Jos. A. Bank sales plunge after end of 'buy one, get three free' promotion

Sales at Jos. A. Bank plunged in the three-month period ending in September as the Hampstead-based chain of men's apparel stores dropped its well-known "buy one, get three free" promotion.

Sales fell 14.6 percent as Houston-based Men's Wearhouse, which acquired Bank for $1.8 billion last year, phased out what it called in a statement this week an "unsustainable promotional strategy."


Men's Wearhouse took over Bank after a months-long of battle that began when Bank made an offer to buy Men's Wearhouse.

Men's Wearhouse's stock tanked Friday, declining more than 43 percent to $22.68 a share, after it released its statement. The company is scheduled to release third-quarter earnings in December.


Men's Wearhouse blamed the sales decline on the end of Bank's three-for-one and four-for-one offers. It slowly cut down the number of days in which the promotions were offered and advertised its final sale in October.

"We are obviously disappointed by the third-quarter results at Jos. A. Bank," Doug Ewert, Men's Wearhouse chief executive officer, said in a statement. "While we expected top-line volatility, as we previously stated, we did not anticipate that the impact from the traffic decline would occur to this degree, primarily because the prior year, comparisons got progressively easier as the quarter progressed.

"We also believed the timing of the final Buy-One-Get-Three Free event in October would do more to offset earlier traffic declines than it did."

Still, Ewert said the company did not plan to change course.

"Despite these results, we continue to believe that transitioning away from the unsustainable promotional strategy we inherited from Jos. A. Bank and accelerating our new promotional strategy is the right thing to do for the long-term success of the Jos. A. Bank business," he said.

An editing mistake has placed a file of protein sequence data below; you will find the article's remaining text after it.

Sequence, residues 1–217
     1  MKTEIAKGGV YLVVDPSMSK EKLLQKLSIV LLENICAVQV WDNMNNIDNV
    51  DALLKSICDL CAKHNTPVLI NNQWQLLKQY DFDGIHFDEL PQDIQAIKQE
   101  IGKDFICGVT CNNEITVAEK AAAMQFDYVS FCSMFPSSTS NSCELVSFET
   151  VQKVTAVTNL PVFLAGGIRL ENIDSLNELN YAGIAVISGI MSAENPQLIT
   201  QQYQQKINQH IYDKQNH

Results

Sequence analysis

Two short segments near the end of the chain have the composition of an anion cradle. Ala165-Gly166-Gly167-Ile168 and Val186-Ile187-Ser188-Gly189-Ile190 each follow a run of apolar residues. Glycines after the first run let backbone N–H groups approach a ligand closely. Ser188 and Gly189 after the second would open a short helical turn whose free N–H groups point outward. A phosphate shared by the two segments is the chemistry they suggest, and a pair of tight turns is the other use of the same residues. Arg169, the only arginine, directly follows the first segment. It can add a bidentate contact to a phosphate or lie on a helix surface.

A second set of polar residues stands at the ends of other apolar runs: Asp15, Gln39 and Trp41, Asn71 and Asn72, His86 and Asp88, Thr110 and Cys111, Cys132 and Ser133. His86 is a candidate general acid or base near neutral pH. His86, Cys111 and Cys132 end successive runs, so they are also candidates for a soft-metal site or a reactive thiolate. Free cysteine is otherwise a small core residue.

Sales in the third quarter at Men's Wearhouse were up 5.3 percent, the company reported.

The company is now forecasting a further drop of 20 percent to 25 percent in sales in the fourth quarter at Bank and a decline in the number of items sold.

Analysts were glum on receiving the news. Goldman Sachs revised its outlook from buy to neutral and said that the decline in sales at Bank was not offset by any savings generated from the merger.

While the stock fell significantly on the news, making it a cheaper buy for investors, "our confidence in its sustainability is now very low," Goldman Sachs' analysts wrote in a research note.

"Moreover, with the elimination of 'buy 1 get 3 free' now underway, we see even more uncertainty as management attempts to reengineer the business model."

Steven Isberg, an associate professor of finance at the University of Baltimore's Merrick School of Business, called the drop in sales "not surprising," saying the economy is still not strong and many customers at men's-only retailers are still looking primarily for deals.

"That's an extremely competitive industry," Isberg said. "If you're going to raise your prices in an industry like that, people are going to look elsewhere."


If the trend continued, Isberg said, Men's Wearhouse could decide to eliminate the Bank brand and roll it into the existing Men's Wearhouse brand.

The Bank promotion means that customers are more inclined to buy more ties, shirts and other accessories to match the number of suits they are buying, Isberg said. Without it, he said, customers will buy fewer items overall.

"The markups on that stuff is a lot higher, and that's how they make a lot of their profit," Isberg said of the accessories. "You're not going to go in and spend $300 on a new suit and not look at the ties."

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